Welcome back to the WEEK OF SINGLES 2! Each day this week we’re look at rare singles.
MEGADETH – “Crown of Worms” (1994 Capitol promo CD single)
also known as the “Creepy Baby Head”
Here’s a real treasure that I acquired via T-Rev’s store for about $4. Lately this thing’s been going on Discogs for $36, which must be solely for the packaging. All the tracks have been available on various Megadeth collections for a long time now, although “Crown Of Worms” was originally a rare track. It’s a co-write between Dave Mustaine and Sean Harris from Diamond Head. It kicks some serious ass, but it’s no longer a song that’s worth $36. I think what makes this single command high prices is the bizarre baby head slip case. That and the fact that it was a promotional CD, meaning it was never intended for sale and only small numbers were made.
A while back I made a video explaining what a promo CD was, which featured the “Creepy Baby Head”. You can check out that video below. The head obviously ties into the Youthanasia album artwork but otherwise there’s nothing else externally to tie it to the band. No logo, no tracklist, just the serial number DPRO-79448.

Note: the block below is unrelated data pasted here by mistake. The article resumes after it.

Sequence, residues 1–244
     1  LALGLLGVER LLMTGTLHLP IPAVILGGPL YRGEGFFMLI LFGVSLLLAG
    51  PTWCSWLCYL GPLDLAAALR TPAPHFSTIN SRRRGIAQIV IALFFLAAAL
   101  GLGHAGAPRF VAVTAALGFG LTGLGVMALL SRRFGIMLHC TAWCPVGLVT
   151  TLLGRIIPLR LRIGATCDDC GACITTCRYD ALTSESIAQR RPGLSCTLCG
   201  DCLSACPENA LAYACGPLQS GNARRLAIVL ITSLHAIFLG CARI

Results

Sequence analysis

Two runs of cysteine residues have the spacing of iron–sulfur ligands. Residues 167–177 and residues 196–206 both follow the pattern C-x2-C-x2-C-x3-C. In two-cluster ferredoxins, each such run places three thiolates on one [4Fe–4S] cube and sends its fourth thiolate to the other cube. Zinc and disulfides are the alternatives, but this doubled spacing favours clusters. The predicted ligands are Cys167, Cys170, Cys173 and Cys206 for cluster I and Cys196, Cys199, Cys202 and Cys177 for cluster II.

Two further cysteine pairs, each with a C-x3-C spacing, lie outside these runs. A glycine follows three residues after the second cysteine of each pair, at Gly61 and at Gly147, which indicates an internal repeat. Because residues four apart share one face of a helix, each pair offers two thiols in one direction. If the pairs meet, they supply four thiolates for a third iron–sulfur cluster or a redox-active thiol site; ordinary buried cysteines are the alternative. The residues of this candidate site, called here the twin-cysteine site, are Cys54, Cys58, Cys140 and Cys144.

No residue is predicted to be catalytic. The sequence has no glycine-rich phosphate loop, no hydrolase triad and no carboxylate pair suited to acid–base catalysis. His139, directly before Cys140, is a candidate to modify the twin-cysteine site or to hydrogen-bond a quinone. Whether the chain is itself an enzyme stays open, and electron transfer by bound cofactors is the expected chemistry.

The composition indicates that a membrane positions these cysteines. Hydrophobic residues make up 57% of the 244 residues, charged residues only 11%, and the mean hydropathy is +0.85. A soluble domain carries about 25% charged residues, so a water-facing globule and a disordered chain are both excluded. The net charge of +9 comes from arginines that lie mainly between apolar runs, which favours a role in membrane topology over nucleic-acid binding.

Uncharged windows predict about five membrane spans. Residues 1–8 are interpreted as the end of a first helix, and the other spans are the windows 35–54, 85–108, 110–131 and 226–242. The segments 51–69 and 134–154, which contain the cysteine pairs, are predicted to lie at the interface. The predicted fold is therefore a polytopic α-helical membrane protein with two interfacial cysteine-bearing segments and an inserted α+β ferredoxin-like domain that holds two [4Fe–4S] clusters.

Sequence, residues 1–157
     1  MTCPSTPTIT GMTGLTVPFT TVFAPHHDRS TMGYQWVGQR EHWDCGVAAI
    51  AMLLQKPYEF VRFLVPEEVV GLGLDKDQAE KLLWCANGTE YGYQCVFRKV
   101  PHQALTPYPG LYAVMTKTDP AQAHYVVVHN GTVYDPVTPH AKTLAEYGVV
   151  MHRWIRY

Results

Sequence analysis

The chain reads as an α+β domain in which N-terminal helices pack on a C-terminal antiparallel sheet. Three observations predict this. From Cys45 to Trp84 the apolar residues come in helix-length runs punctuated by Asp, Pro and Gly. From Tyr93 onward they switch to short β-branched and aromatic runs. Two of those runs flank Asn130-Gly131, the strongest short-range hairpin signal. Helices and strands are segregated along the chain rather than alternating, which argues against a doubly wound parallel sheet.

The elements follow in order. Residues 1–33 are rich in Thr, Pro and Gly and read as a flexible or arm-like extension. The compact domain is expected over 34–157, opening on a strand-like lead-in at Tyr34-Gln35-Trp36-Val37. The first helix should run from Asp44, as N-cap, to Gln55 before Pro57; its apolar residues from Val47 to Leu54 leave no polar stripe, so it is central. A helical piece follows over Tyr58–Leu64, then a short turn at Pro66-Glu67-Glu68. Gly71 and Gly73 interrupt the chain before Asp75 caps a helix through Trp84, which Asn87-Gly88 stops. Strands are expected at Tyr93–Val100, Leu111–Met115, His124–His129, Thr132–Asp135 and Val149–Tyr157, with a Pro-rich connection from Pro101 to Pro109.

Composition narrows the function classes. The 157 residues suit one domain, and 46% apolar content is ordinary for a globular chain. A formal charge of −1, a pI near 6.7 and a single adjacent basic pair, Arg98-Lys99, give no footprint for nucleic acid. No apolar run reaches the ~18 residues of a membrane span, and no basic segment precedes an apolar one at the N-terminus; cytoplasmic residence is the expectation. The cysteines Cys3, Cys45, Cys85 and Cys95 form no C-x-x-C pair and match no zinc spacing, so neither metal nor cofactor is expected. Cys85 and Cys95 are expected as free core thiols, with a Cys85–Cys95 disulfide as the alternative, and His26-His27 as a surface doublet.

As mentioned, “Crown of Worms” kicks some serious ass. I was a big fan of the Mustaine/Ellefson/Friedman/Menza lineup of Megadeth, and this song was not only album worthy but single worthy. Nick Menza sounds great on it, and the song just smokes from start to finish. Killer riff, too. Mustaine’s at his snarly best.
The other two tracks are both Youthanasia album songs: “Black Curtains” and the single “Train of Consequence”. “Black Curtains” is a lot more doomy, kind of like “Harvester of Sorrow” (perhaps). “Train of Consequence” seemed to alienate some fans back in ’94, but I think it’s a strong single if a bit more melodic then some would have liked. It still has a cool stuttery riff and a vintage Dave vocal. It’s rhythmically interesting and I think the guitar solo is ace.
There is no way I would pay $36 for this thing, and I’d advise you to keep searching the used CD shops. Promos were funny things. Record store and radio stations would be sent these things, and a lot of the time nobody gave a damn. They would end up in the hands of a non-fan and sold at a pawn shop or another CD store. While today some fans will pay a lot of money for this, you know that copies will end up in used CD stores without a $36 price tag. You just have to do the legwork and find it.